Wednesday, April 17, 2013

From the Higher Ed Beat to inside the Academy


When I pulled into the parking lot of The San Diego Union Tribune in Mission Valley in May of 2002, I burst into tears because I knew what I had to do. My life was a good one in those days. I earned a generous salary.

As a higher education reporter I regularly flew from San Diego to San Francisco to cover the University of California Board of Regents. I owned property in Southern California during a time when the market was spiraling upward. I had a high profile beat, often landing me on the front page. But deep down inside, my intuition was telling me to leave it all.

It had started in January of that 2002 when I began to have a deep and abiding sense that not only I needed to leave my job but the newspaper industry. The terrorist attacks had changed everything on my beat. Some of the terrorists had gotten their pilot licenses through San Diego State University, an institution I covered. Every story I wrote for a while was about terrorism.

It was time to go. I wanted to write essays and do more with my life.

My hand trembled as I gave the senior editor for news my resignation letter. He smiled at me, shook my hand and told me the secret to making the transition was to write every day. He told me the names of other people who had left the business and that if he could afford to take the hit in salary, he’d do the same thing.

As I packed up my desk and left newspapers, a career that had nurtured me for thirteen years, a feeling of well being swept over me like I had never known. I began to feel free.

Within days of announcing that I would leave, a former colleague with whom I had worked with as a reporter at The Salt Lake Tribune in the early 1990s, called me at The San Diego Union Tribune.

“You quit?” she said through the phone. “What are you gonna do?”
“I don’t know. I’ll figure something out.”
“We have a thing out here where we bring journalists to campus. Would you consider coming?” “Sure,” I said.

She told me worked at a university called DePauw and advised a newspaper called The DePauw. I had never heard of either, but hey it was a free trip. I could drive to St. Louis to see my mother. That was in May of 2002.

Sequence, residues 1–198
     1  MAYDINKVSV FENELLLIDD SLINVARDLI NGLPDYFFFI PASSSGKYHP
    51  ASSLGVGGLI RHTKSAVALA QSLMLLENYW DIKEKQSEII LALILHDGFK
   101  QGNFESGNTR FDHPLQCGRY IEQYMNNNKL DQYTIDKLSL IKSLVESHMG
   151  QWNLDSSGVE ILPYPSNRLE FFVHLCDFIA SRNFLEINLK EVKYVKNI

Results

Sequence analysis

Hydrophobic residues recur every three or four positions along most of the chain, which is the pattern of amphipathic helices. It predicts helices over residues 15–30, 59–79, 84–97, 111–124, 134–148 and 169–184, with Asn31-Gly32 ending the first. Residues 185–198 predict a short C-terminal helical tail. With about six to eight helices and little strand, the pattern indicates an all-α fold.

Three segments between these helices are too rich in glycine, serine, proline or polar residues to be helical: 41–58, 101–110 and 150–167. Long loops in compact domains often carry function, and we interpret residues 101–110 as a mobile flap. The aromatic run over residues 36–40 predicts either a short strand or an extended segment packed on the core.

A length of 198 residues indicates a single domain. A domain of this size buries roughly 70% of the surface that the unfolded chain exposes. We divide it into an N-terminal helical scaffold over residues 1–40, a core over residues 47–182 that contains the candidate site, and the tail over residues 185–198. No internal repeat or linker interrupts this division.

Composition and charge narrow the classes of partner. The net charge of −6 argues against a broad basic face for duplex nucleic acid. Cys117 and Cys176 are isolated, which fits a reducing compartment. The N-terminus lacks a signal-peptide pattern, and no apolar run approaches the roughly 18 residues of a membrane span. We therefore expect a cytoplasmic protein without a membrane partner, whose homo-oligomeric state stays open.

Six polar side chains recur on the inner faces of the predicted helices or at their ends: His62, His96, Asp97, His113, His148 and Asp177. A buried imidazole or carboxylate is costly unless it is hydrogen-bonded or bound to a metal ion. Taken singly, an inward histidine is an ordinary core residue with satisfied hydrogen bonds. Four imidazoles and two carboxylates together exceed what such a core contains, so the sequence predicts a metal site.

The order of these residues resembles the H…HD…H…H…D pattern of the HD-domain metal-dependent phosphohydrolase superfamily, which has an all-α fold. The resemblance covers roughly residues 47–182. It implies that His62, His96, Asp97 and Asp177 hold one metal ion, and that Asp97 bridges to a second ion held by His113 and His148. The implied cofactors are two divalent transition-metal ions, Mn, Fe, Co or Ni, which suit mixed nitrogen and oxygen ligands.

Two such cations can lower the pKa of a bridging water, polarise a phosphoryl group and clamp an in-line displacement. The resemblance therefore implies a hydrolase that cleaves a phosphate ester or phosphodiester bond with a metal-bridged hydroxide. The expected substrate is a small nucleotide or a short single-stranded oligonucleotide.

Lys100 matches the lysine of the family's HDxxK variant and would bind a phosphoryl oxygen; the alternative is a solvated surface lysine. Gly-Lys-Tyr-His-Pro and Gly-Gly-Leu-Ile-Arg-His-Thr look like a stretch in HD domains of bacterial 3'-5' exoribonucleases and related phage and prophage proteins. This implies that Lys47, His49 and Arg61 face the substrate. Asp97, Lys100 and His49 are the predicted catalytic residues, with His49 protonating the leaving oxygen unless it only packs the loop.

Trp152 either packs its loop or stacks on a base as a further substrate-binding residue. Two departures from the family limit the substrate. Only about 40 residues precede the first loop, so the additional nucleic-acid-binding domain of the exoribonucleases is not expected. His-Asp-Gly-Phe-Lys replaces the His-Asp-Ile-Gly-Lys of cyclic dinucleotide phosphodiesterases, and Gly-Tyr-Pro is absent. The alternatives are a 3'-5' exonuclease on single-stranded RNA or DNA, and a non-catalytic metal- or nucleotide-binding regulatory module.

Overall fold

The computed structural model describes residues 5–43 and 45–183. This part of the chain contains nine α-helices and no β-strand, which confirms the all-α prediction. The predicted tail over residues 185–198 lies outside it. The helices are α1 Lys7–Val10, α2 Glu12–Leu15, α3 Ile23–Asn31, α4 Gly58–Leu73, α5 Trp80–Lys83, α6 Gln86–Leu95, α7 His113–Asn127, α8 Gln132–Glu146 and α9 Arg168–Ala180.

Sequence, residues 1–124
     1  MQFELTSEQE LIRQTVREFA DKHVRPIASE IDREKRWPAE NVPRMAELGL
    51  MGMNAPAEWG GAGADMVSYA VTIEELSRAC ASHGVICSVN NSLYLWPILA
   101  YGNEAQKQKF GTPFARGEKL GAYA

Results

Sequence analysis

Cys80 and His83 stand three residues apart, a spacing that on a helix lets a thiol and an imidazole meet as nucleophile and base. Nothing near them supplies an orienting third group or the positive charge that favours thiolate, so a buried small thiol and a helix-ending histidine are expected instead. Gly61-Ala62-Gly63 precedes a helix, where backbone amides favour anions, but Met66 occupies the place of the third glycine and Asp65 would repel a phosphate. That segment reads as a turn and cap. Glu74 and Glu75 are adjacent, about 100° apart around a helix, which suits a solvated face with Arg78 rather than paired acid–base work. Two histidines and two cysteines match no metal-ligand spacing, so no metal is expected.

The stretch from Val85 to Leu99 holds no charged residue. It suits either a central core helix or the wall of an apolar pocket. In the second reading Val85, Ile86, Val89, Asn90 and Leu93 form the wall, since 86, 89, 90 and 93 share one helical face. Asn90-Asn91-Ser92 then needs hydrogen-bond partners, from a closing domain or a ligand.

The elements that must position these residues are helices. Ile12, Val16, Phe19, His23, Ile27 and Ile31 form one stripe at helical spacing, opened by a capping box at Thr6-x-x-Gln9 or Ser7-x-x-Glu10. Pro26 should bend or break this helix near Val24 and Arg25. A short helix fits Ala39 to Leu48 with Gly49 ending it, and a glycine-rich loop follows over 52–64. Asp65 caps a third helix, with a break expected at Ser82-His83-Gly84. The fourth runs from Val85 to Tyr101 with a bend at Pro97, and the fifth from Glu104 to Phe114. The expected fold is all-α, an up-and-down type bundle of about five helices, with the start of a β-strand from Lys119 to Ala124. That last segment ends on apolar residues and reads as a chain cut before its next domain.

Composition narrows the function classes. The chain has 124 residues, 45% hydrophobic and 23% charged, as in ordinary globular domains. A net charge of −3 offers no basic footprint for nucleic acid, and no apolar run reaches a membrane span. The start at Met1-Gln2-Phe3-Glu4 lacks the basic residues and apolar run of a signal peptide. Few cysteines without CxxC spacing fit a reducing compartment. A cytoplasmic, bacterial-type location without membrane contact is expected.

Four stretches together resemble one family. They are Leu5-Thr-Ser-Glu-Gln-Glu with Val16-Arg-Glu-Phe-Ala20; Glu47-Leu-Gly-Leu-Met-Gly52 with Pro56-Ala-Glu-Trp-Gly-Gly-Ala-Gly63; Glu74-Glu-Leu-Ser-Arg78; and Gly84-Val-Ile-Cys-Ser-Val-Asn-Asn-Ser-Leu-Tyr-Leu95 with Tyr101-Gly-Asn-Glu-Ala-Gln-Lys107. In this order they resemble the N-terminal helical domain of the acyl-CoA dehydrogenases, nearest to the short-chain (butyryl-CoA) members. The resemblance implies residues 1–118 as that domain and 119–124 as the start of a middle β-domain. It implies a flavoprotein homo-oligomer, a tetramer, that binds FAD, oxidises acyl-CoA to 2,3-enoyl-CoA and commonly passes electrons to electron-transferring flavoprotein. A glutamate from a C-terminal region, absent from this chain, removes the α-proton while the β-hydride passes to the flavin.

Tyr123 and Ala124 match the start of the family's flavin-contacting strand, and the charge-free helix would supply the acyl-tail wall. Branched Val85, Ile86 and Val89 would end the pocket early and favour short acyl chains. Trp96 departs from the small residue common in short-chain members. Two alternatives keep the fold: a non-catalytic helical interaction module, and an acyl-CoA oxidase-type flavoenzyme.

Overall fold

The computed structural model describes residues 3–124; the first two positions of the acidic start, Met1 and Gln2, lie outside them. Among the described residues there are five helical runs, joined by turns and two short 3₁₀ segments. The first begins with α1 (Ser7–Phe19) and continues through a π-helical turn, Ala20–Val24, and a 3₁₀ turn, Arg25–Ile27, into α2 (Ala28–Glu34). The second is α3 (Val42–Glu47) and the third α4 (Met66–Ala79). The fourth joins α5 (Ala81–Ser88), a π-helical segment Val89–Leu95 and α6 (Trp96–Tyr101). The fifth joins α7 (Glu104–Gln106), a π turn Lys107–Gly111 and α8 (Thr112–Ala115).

By October of that year, I hopped on a plane and landed in Plainfield, Indiana. I drove 30 miles west and pulled into Greencastle. I looked around. I saw plenty green and no castle. I thought to myself, “Is this where she lives?" I couldn’t believe it? She was a hot swinging single woman back in the day. I couldn’t believe she was in this small college town. Yet, something about the place and university struck a chord. It felt open, safe and right.

That same green light that led me out of newspapers was bringing me to Greencastle. There was no job, no promise, nothing but a two-week gig to work with college students.
Academic quad at DePauw University
Academic quad at DePauw University

Prior to arriving at DePauw, I traveled a bit, sat in coffee shop, wrote and chased projects that went nowhere. While I was in Indiana a book project I was working on collapsed. Within months I had landed a part time job teaching at DePauw.

The faculty spurred me on to go to graduate school and pursue an MFA in creative writing, which I eventually did in New York City in the subsequent years. I also interned part time at a literary agency and later at a medium sized publisher in Manhattan. The literary agent is now my agent for my book project, Sanctified: A Memoir. Thank goodness for intuition.

Some say it’s reserved for women. Hogwash. It’s reserved for whoever will get quiet enough, turns off the music, television or Internet and is open. Intuition serves me in writing, teaching and in everything I do when I listen. I’ve developed a ritual of entering the silence and listening where I make connections that aren’t obvious to me in day-to-day living.

As a result of that decision to leave newspapers, I missed the entire meltdown of an industry that I loved. All of my previous employers, Tulsa World, The Salt Lake Tribune, St. Louis Post-Dispatch and what’s now called the UT-San Diego sent dozens and dozens of working journalists out the door in layoffs or buyouts. I would have been in that number. Colleagues who had thought I was nuts for leaving when I did marveled at the timing of my departure.

Sometimes the best thing to do isn’t always the most logical.